Tomorrow I’m heading down to Richmond for my first VAIS conference. When we moved from San Jose 5 years ago, I was so flummoxed by Virginia’s geography and traffic patterns that I wrote off any activity further afield than Fairfax. Our horizons expanded steadily over the years, but it’s taken this long to feel like I have something to contribute to the larger conversation of Virginia Independent Schools.
I’m Andrew Carle, a long time math and edtech nerd. For the last 5 years I’ve been at Flint Hill School working to build a productive model of teaching and learning in a 1:1 environment. Along the way, though, I fell into something else.
I call the class Makers and refer to it in writing as MakerEd, but those are largely flags of convenience. Classes at our school need to be called something, and when if you’re running a twitter chat (Tuesdays! 9pm!) #makered has distinct advantages over #Constructionist or #SubjectAgnosticStudentLedInquiry. I recognize, and apologize for this contribution to buzzword-burnout.
I’ll do my best to cover the MakerEd basics in my presentation, but here’s the big picture in some other voices.
I’m not sure I’m qualified to even recite Gary Stager’s resume. His fantastic keynote from Stanford’s FabLearn conference earlier this month covers the breadth and constructionist roots of MakerEd with more authority than I can muster. If any of this sounds interesting, I can’t recommend Constructing Modern Knowledge enough.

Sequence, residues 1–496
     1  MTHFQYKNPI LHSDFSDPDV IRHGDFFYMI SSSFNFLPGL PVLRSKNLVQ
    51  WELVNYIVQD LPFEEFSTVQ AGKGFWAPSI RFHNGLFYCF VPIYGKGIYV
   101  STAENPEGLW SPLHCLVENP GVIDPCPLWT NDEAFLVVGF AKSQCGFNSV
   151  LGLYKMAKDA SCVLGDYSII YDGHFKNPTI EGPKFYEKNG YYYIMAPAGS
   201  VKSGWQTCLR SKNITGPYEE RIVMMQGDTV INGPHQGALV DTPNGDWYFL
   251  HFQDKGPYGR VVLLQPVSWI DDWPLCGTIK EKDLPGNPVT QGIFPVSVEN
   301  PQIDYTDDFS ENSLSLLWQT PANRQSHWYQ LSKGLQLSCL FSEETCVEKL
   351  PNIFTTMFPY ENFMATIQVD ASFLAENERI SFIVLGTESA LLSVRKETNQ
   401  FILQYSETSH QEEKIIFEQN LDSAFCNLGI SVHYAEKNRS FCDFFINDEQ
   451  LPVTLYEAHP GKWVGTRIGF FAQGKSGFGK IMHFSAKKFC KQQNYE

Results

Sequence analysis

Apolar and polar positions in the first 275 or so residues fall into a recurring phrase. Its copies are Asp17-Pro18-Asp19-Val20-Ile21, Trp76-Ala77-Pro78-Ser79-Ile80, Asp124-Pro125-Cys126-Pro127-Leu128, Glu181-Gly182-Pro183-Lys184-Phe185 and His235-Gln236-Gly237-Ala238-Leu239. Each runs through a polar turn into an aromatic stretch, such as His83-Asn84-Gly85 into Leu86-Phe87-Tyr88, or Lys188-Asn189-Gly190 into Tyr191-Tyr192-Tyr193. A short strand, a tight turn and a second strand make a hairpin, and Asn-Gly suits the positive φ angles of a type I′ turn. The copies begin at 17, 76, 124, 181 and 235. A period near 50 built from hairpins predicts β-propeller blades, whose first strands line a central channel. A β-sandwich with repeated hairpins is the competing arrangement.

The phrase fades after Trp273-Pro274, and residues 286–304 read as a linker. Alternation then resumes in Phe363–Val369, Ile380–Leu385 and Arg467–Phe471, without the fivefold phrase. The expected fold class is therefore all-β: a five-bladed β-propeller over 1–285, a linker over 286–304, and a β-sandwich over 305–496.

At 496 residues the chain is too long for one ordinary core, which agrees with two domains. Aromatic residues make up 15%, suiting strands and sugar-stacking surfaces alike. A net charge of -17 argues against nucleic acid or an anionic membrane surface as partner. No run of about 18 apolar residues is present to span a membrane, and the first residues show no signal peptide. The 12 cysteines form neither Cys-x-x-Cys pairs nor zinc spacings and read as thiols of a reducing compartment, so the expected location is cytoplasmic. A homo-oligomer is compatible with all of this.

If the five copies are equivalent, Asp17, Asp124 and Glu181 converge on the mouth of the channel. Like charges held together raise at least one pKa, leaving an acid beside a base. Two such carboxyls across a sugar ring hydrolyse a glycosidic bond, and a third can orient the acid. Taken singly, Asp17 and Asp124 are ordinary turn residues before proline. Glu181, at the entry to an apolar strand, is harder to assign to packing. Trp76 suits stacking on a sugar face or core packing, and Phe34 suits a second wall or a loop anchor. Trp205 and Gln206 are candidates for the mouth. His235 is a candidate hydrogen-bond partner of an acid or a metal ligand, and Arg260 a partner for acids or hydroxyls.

Read more Papert. You can start small with the 8 Big Ideas of the Constructionist Learning Lab or 20 Things to Do With A Computer. Bret Victor recommends Mindstorms in language stronger than I can use in public as a teacher. He’s not wrong. The Children’s Machine is also great.
There’s dozens of schools across the country that are embracing a Maker Mindset as a primary goal for their students, and building a whole range of programs and facilities in the process. You can find a subset of those teachers listed at k12makers, but my sense is that 10x that many are starting up and running silent. When you run across those teachers, when you become that teacher, reach out! There’s fantastic teachers from schools of every shape and size pushing at this.
I do my best to write in both the peaks and valleys of my MakerEd experience, and I encourage you to do the same. What keeps the MakerEd tent broad and focused on new learning experiences for students is conversation among voices that traffic in authenticity, rather than authority. We are educators. Learning environments are what we make, and we need to share widely.